Yet it’s difficult to deny the lucrative nature of appealing to fans’ inclination to parasociality, to encourage their consumption of you as a road map to a solidified identity — or at least the performance of one. Not long ago, I saw Maisie Peters live: who, unlike her predecessors, built her very career on TikTok. Her fanbase inspires similar levels of devotion, with one key change: she actively cultivated the formation of parasocial relationships. In the queue, she came out to meet us, took photos with the line. I met fans who had her in group chats she occasionally responded to, fans who had followed her to different continents. Her merchandise for sale read “Maisie Peters is my best friend,” (T-shirt, $55) and “Maisie Peters is my rockstar gf” (tote bag, $45) — a conscious alignment of aesthetics and curation of fan energy that you could literally buy into. There are artists for whom leaning into fans’ identity-based consumption works for them, and it is likely not a coincidence Maisie herself is also Gen-Z, a musician native to the digital world who seems to thrive off connection with her fans. Perhaps the way we interact with our favourite artists now is simply paving the way for a new type of performer.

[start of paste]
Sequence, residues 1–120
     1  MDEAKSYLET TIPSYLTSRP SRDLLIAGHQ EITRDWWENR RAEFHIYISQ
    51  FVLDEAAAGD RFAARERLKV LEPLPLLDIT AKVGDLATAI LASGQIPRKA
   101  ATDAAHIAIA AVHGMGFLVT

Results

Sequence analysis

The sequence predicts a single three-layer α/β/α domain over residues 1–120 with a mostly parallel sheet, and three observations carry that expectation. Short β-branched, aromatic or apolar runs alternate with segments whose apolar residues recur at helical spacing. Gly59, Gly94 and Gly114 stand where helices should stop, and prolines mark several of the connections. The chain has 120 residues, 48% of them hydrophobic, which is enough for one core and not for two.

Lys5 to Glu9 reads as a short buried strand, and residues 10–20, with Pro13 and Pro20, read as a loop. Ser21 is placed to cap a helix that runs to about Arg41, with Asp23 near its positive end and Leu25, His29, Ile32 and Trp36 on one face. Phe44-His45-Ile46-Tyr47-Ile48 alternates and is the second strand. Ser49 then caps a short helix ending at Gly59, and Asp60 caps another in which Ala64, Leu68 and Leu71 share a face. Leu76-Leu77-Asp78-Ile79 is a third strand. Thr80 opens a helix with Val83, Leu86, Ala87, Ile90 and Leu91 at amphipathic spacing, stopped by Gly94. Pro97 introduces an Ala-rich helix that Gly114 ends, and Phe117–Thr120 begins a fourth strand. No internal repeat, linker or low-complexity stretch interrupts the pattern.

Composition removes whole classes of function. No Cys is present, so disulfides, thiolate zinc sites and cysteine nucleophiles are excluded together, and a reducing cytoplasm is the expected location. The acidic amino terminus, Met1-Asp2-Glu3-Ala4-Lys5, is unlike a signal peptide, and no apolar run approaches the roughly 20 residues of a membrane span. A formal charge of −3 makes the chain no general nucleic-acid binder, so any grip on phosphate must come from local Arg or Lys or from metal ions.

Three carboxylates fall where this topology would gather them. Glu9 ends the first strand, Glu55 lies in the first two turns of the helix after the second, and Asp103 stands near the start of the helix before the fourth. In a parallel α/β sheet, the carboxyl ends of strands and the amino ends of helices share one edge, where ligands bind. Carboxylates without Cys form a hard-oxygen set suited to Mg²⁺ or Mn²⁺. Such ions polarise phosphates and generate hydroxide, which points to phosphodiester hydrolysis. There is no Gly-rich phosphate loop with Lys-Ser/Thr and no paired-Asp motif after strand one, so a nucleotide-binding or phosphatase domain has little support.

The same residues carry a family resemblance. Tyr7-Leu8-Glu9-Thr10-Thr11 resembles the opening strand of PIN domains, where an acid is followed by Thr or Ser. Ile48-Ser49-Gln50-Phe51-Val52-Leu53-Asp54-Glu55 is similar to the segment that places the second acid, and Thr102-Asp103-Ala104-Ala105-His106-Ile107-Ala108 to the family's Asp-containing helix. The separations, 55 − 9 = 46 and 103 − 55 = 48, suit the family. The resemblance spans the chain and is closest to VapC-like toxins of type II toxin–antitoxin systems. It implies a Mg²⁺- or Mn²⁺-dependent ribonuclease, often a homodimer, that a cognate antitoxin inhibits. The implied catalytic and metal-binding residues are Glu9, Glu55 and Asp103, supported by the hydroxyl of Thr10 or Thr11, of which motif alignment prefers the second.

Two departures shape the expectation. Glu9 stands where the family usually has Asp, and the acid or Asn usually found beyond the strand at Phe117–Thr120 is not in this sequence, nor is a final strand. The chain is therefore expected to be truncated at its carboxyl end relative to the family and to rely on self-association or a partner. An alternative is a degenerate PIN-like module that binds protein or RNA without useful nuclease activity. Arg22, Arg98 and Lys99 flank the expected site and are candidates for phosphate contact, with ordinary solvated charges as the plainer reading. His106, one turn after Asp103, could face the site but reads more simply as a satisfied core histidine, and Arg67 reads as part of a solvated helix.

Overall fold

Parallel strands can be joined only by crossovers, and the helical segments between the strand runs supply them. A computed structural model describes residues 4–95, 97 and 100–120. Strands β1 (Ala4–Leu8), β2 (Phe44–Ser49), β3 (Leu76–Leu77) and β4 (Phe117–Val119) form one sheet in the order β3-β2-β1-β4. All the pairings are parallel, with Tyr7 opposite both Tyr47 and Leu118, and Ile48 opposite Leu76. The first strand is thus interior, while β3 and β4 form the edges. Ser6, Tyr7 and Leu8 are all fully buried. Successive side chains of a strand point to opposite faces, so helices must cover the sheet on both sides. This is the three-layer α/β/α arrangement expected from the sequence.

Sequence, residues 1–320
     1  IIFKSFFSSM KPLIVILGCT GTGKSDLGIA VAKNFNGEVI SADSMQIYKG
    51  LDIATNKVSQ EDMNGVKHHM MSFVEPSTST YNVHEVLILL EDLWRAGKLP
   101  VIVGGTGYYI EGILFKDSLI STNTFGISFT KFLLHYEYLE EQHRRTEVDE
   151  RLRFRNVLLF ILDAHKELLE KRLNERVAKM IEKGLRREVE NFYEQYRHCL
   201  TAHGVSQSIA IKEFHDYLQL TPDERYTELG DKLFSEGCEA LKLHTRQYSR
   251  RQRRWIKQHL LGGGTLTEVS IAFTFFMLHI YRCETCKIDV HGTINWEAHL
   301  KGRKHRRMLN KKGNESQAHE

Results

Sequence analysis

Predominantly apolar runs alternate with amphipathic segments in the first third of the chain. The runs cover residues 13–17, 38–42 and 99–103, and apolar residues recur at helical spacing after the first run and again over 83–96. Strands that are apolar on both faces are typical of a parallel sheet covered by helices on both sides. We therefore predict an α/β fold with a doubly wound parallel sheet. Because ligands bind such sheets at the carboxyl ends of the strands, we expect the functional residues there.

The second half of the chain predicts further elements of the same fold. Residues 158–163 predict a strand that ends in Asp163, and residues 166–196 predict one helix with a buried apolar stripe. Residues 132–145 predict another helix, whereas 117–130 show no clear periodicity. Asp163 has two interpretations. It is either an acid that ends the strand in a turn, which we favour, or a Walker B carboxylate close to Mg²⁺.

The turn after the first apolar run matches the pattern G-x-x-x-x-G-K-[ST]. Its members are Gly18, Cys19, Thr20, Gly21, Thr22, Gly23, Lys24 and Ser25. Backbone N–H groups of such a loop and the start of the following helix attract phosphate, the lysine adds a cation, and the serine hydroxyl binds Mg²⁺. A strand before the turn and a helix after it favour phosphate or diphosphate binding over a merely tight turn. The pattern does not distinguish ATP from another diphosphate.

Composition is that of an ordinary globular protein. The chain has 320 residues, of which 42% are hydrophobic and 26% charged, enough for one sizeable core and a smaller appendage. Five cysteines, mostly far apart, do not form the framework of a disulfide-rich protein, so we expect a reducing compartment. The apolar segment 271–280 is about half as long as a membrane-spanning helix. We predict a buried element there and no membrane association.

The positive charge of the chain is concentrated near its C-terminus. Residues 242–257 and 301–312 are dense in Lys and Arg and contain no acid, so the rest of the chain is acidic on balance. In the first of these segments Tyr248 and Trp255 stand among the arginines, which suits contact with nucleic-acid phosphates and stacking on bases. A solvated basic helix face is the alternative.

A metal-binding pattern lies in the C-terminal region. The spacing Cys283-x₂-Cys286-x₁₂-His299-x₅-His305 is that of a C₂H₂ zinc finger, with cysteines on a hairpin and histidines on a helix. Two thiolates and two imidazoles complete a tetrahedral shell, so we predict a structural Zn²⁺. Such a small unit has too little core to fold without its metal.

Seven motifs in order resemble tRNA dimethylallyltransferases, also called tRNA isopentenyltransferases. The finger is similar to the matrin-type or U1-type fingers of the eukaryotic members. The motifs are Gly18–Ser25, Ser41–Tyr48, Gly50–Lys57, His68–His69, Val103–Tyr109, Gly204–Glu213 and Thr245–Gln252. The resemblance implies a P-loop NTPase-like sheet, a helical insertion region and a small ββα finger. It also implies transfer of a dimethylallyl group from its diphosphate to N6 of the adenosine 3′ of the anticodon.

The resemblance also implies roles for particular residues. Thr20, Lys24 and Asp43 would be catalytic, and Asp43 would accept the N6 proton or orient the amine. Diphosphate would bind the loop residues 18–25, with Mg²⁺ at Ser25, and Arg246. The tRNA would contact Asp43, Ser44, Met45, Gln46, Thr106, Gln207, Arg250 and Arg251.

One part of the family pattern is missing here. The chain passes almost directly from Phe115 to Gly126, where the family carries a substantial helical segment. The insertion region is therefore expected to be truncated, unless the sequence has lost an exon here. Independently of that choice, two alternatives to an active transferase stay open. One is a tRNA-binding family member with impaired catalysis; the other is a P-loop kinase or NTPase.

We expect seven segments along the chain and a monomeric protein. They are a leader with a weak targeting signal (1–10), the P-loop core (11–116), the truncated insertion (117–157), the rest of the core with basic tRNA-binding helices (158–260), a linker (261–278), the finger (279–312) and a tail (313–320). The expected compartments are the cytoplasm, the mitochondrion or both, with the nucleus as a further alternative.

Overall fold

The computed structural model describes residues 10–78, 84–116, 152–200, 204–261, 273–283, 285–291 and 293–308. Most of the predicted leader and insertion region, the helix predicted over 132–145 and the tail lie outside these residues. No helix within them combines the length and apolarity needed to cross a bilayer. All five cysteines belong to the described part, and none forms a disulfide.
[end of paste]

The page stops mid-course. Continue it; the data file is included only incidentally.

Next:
It often feels as though formation of identity through our consumption is now an inescapable fact of our lives, the closest thing we have to agency over our own perception. Have we simply just consumed so much that we don’t know how to be publicly uncurated or unsellable?
Ultimately, live music is a shared experience, and music-based subcultures are not new. Perhaps this is an evolution of that — and it’s really not the fault of concertgoers or young women. To constantly bemoan “zoomers and phones” at concerts is arguably a striking lack of empathy, if anything. This perception of live music is a product of its environment, growing out of the ruins of the crucial years of self-discovery lost to the pandemic. How we choose to navigate the landscape from here is an ongoing process requiring our own reflection. Weeks after Harry Styles’ Sydney shows, I found traces of feather boas spread throughout the city — remnants of a uniform, an aesthetic marker of the in-group of fans. To some, a nuisance, but to attendees? Undeniable proof of a connection, a memory shared; what can be more genuine than that?
And of course, we cannot discount the new prominence of young womens’ own voices and drive. Perhaps there’s something to be said: the expression of feminine anger and sadness in these indie superstars resonates for a reason. Beneath the layers of identity via consumption, it’s worth examining exactly why we, as women, choose to curate and identify our existences in the way we do. Among the acolytes, there’s undeniably meaning beyond the publicised, a shared bond over the resonance of music. There’s a way to write a new script.
If people are always watching — well, we may as well scream.